What should make Colome available is the amount of pitching depth the Rays have. Granted, they could deal David Price within the next two weeks or in the offseason if he's still around, but that should net the Rays some arms.

    Matt Moore and Jeremy Hellickson should also be healthy in 2015 and beyond, barring any setbacks. And with a savvy front office, the Rays will find players and ways to bolster their rotation going forward.

    Brown's potential at a bargain rate would highly appeal to the Rays, especially since Matt Joyce and Desmond Jennings are streaky, while Ben Zobrist will either be traded or likely gone via free agency this winter. For a team that's not going to be in the postseason in 2014, they have the time and patience to give Brown a shot to prove himself once again. 

Phillies Trade RP Antonio Bastardo to Cincinnati Reds

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    Mitchell Leff/Getty Images

    Phillies Receive: LHP Ismael Guillon (High-A)

    Reds Receive: RP Antonio Bastardo

    Antonio Bastardo has had an interesting Phillies career. Originally developed as a starter, Bastardo quickly made the switch to a reliever after failing to make the 2009 rotation and struggling when given his chance.

    He's thrived as a reliever since and has improved year after year, for the most part. However, Bastardo received a 50-game suspension to end his 2013 season due to his involvement in the Biogenesis scandal, so he does raise some red flags.

    Many of those red flags should have been lowered by now, though, as Bastardo has put together a fine 2014 campaign as one of the Phillies' left-handed setup men. In 42 games this year, Bastardo has pitched to a 3.38 ERA with a 1.10 WHIP. What should encourage interested ballclubs even more, though, is that Bastardo's FIP is 3.18, meaning that his performance should improve with better defense.

    There should be no shortage of suitors looking for relief help, especially when it's left-handed and as cheap as Bastardo, who's making just $2 million this season. According to CSNPhilly.com's Jim Salisbury, the Cincinnati Reds have expressed interest in both Bastardo and outfielder Marlon Byrd. It makes sense since Reds lefty setup man Sean Marshall is out for the rest of the year due to injury, and Bastardo is a rather inexpensive Band-Aid.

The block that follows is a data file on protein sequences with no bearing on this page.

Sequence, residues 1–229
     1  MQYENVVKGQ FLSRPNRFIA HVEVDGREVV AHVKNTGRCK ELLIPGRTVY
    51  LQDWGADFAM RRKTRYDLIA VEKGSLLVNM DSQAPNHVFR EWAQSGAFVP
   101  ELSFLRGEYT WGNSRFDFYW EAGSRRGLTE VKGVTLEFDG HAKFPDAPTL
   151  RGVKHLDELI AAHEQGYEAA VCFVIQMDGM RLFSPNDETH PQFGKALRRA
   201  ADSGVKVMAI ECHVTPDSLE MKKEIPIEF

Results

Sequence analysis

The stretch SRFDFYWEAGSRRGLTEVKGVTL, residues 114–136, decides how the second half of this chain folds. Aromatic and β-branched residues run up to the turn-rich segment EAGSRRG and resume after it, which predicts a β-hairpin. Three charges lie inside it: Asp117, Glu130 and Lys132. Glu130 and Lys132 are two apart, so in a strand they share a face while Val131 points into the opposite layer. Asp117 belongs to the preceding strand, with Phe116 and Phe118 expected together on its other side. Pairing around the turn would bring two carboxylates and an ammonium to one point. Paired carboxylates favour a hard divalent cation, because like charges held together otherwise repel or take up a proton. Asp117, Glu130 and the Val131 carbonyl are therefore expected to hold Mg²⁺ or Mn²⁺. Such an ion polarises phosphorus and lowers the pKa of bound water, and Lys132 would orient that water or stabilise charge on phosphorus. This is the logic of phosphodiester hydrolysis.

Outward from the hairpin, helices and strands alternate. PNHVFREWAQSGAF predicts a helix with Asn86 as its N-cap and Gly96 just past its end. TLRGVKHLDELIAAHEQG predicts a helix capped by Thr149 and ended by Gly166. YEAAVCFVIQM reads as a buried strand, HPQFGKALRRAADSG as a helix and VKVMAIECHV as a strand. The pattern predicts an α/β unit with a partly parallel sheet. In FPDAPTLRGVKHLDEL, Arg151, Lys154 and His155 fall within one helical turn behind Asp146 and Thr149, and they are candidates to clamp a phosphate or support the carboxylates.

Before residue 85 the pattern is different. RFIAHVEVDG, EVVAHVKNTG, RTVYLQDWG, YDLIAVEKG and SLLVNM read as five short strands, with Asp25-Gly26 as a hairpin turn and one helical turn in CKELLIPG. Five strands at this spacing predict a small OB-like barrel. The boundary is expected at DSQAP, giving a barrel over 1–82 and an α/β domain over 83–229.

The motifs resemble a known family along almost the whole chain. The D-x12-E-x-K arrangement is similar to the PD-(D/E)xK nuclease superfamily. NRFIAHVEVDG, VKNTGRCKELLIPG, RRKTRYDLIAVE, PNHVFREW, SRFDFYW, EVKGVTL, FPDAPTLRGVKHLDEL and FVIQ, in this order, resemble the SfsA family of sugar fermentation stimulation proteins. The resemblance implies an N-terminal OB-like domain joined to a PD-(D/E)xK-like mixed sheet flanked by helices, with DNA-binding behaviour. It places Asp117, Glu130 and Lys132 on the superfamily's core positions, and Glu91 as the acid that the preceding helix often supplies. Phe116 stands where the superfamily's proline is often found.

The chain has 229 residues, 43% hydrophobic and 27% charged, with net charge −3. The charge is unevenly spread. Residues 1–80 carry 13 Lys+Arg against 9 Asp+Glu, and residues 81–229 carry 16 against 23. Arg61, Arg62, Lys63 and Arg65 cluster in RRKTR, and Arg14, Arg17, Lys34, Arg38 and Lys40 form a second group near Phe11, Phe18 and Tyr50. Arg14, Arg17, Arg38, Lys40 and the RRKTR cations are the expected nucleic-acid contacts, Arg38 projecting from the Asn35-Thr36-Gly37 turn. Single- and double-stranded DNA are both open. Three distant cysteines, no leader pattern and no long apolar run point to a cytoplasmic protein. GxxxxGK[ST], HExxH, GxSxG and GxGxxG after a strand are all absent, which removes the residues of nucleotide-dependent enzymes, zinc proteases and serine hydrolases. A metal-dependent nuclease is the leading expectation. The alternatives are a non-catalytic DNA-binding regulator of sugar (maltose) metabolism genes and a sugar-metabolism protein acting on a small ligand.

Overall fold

Bastardo won't bring back the heftiest of returns since he's just a reliever and is only under team control through next season. However, an intriguing prospect the Reds can offer is a fellow left-hander by the name of Ismael Guillon.

    Though only the 12th-best prospect in the team's somewhat-thin farm system, Guillon has decent upside. He's got a fantastic changeup and a serviceable curveball. Although he's 22 years old and is probably still a couple of years away from the majors, Guillon is the kind of prospect the Phillies could reap the benefits from in such a deal, even if he ends up as a reliever in the end.

    The Reds replenish their bullpen and attempt to pull ahead in the incredibly tight NL Central, while the Phillies free up a little salary and get a high-risk, high-reward candidate. The younger relievers get the chance to pitch in high-leverage situations. It's a win for everybody.

Phillies Trade CF Ben Revere to Kansas City Royals

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    Phillies Receive: RHP Christian Binford (Double-A)

    Royals Receive: OF Ben Revere

    While Ben Revere has provided some value for the Phillies, it hasn't gone as well as they had hoped. Although Revere has hit for a solid average and has offered a baserunning threat while donning Phillies pinstripes, he hasn't done much else. He doesn't get on base consistently enough, has zero power—well, except for his first career home run this year—and his defense is shoddy at best while his arm is a noodle.

    Most teams might have Revere slotted as a fourth or fifth outfielder, but the Phillies aren't most teams. They're pathetically weak in outfield depth, and as a result, Revere practically has a stranglehold on the starting center field job as long as he's healthy and is a Philly.

    Could the latter change if the Phillies go for a fire sale this trade deadline? Possibly. It's far from a sure thing since Revere will be cheap through arbitration and is a Super Two, so he'll be under team control through 2017. But if the right offer comes along, the Phillies should at least give it a chance.

    A team who could use Revere's services for either starting or backup duties is the Kansas City Royals. With just Jarrod Dyson and Lorenzo Cain for center field options, the Royals could use the depth—and speed—that Revere can provide.

    Despite his youth and team-friendly contract situation, Revere just isn't valuable enough to bring back a boatload of prospects in a trade. After all, it only cost the Phillies Vance Worley and Trevor May to acquire Revere two offseasons ago, and that was when he was inexperienced and less of a known commodity.

    In this trade, it would cost the Royals right-handed pitching prospect Christian Binford. The Royals' 10th-best prospect before the season, Binford has had Tommy John surgery before but still can throw a 93 miles per hour heater. His delivery isn't ideal and his other pitches need some work, but Binford could end up as a mid- to back-of-the-rotation starter.